·
Registered
Joined
·
351 Posts
In the above post I meant to say "any D/L ratio under about 200" but didn't proofread well enough prior to posting...
 

·
Registered
Aloha 32 & Hunter 26.5
Joined
·
236 Posts
I see that this post is from 2009 & there are 3 responses from today, so it seems unlikely that the original poster is going to benefit from today's contributions, but I will post this anyway for the general benefit of anyone who may read this in the future.

The commercially available "aluminum" parts that I have seen on most boats were usually made out of a marine alloy like Marinium. That stuff is pretty darn different from plain old aluminum. It's a lot stronger. It's a lot more expensive. Most of the actual "aluminum" parts on boats are still an alloy, like 6061 "aircraft aluminum" which has fairly good corrosion resistance, or another alloy that has even better corrosion resistance. Most of the T-tops, Radar arches, etc., that I see on boats are made out of 6061 spec aluminum pipe. Looking up a common reference source for 6061, I find a tensile strength of 45ksi & a yield strength of 40ksi - ASM Material Data Sheet. That says that in this case, "pull" strength is actually a little higher than "shear" strength.

Stainless & aluminum both suffer from repeat stress cycle fatigue. I have seen plenty of 316 parts fail for that reason. In the marine industry it is often blamed on crevice corrosion, but I have also seen those failures occur in sanitary beverage manufacturing equipment, which is not subject to corrosive environments. Aluminum is not the only material that has a fatigue issue.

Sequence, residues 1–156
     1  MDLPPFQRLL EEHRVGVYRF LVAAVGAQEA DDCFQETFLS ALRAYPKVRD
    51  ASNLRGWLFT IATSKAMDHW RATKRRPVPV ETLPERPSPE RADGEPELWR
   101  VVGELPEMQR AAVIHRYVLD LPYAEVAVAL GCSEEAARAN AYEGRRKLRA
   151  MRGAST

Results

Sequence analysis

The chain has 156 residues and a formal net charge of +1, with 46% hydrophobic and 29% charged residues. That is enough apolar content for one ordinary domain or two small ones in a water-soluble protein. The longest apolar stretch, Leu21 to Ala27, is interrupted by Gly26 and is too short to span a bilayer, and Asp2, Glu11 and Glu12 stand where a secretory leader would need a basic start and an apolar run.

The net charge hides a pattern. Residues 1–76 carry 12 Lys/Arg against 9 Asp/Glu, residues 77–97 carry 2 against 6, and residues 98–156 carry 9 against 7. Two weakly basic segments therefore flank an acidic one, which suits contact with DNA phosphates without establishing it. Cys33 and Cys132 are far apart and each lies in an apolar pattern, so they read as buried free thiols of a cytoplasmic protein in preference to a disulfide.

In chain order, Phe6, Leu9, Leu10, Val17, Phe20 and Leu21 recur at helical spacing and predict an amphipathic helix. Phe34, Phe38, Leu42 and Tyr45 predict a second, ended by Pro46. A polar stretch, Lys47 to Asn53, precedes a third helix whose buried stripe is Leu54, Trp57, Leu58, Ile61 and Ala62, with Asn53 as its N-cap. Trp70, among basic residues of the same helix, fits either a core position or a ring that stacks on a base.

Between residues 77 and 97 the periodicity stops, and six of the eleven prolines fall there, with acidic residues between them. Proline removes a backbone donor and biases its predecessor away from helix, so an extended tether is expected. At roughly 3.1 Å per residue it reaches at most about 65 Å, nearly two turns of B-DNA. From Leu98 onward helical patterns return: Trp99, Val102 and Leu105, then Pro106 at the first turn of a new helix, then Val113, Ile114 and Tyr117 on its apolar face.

When I google up some spec's on 316, I find a tensile of 85ksi & a yield of 44ksi - 316/316L Prodec Stainless - Penn Stainless KSI is thousands of pounds per square inch. That means that with SS at 44ksi yield & 6061 Alum at 40ksi, aluminum is only 10% weaker in that regard if the parts have the same cross section dimension. When you consider that aluminum weighs far less than SS per cubic inch, it becomes apparent that aluminum is actually stronger on a per pound basis.

If I owned a boat with aluminum cleats that did not show signs of cracking or corrosion, I would not change them any faster than I would change a stainless cleat in the same condition. If I did change from aluminum to stainless, I would consider what materials are connected to the cleat. Aluminum might have been originally selected for a reason.
 
1 - 16 of 16 Posts
Top